Biodiversity for healthy agriculture
Biodiversity contributes decisively to the life of the planet through millions of genes (plants, animals and ecosystems) that serve to compose the living structure.
Today human beings (which are only a small part of this incredible and vibrant mosaic) have a strong impact on species and the environment, putting at risk a large number of plants and animals, together with fundamental processes of nature such as pollination. insects and soil regeneration through microorganisms.
From 1960 to today, since (after the Treaty of Rome on agriculture) the rules of agricultural production have been changed to feed an increasing population, biodiversity (especially that of agricultural species and varieties) has been decreasing constantly. For this we need to request an energetic intervention from political and scientific consciences of the whole world.
This is why we need to reverse the logic of the RDPs (Rural Development Programs) and the European Regulations that are creating a disorientation and confusion in terms that instead of solving the problem of rural territories is exacerbating it in an almost irreparable way.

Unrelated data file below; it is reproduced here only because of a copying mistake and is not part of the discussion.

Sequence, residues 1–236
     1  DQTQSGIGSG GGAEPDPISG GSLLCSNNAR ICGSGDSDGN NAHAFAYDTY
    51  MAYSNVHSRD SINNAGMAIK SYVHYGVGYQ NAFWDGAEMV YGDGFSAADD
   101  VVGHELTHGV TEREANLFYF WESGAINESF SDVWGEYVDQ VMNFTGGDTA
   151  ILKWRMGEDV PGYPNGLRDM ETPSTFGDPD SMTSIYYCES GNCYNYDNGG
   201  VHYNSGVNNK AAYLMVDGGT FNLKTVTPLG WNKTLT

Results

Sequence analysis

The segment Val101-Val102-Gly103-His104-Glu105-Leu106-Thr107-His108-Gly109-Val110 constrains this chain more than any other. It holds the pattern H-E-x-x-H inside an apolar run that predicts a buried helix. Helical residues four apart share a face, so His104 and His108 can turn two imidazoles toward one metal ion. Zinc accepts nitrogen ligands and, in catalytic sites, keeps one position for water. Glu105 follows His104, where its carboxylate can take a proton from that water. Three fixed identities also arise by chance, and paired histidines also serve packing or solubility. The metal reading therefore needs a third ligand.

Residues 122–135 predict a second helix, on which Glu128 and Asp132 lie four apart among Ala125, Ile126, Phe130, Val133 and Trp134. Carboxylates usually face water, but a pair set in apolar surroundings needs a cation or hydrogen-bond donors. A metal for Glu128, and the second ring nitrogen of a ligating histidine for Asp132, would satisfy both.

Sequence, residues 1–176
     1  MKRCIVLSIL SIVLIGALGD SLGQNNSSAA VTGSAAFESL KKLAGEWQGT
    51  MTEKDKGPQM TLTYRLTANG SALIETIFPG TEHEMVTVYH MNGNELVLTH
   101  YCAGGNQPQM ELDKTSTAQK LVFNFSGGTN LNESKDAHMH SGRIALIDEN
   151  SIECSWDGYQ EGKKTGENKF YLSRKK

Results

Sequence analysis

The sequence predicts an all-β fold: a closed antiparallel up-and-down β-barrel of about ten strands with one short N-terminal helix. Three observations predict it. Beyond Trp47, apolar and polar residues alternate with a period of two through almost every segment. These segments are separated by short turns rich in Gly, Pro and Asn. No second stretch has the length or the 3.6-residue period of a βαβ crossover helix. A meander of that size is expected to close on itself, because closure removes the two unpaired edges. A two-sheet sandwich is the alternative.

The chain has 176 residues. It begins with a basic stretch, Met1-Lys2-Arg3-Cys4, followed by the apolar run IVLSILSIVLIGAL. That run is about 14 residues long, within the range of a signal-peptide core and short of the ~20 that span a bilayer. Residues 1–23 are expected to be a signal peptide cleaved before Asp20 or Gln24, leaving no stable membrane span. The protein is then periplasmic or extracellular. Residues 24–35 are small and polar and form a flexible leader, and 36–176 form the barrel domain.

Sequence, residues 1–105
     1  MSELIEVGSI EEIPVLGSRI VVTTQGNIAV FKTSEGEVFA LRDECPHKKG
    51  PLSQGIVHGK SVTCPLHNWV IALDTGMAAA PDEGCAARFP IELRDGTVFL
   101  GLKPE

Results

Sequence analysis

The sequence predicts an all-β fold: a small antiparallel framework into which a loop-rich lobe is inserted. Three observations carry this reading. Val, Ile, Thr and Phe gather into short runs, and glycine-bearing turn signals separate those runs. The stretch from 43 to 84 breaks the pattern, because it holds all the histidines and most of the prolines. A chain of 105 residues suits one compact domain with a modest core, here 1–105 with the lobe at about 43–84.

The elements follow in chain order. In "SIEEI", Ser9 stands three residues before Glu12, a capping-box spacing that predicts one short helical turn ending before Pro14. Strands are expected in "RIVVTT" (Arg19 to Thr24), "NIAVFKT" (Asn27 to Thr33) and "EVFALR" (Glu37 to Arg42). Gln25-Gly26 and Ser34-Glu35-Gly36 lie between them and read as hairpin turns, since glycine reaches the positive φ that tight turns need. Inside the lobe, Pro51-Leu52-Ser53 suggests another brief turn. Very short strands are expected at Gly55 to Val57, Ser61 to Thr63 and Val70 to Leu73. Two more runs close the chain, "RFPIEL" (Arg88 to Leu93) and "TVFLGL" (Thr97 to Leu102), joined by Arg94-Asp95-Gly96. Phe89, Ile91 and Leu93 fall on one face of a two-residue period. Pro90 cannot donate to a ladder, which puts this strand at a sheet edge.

It will therefore be important to create a more flexible agriculture that preserves a wide variety of life forms with particular characteristics, such as trees that survive droughts or livestock that reproduces in critical situations. Sustainable farming techniques that can nourish the population while simultaneously protecting oceans, forests, grasslands and other ecosystems that host biological diversity.
A new treaty on world agriculture is urgently needed and there is no time to waste.
But we must first give this awareness and this knowledge to the new generations. So that, through these knowledge and traditions, each person can rediscover the meaning of his existence and his role in nature.
We need to give the opportunity to children and young people, to touch a tree, to walk barefoot, to see a goat, to work in the fields instead of using the tractor, etc. .. to compete with the rhythms and limits of the man in nature.
Without all this there will be no more continuity of life on our planet, based on the relationships and traditions that arise from living and sharing nature with present and future generations.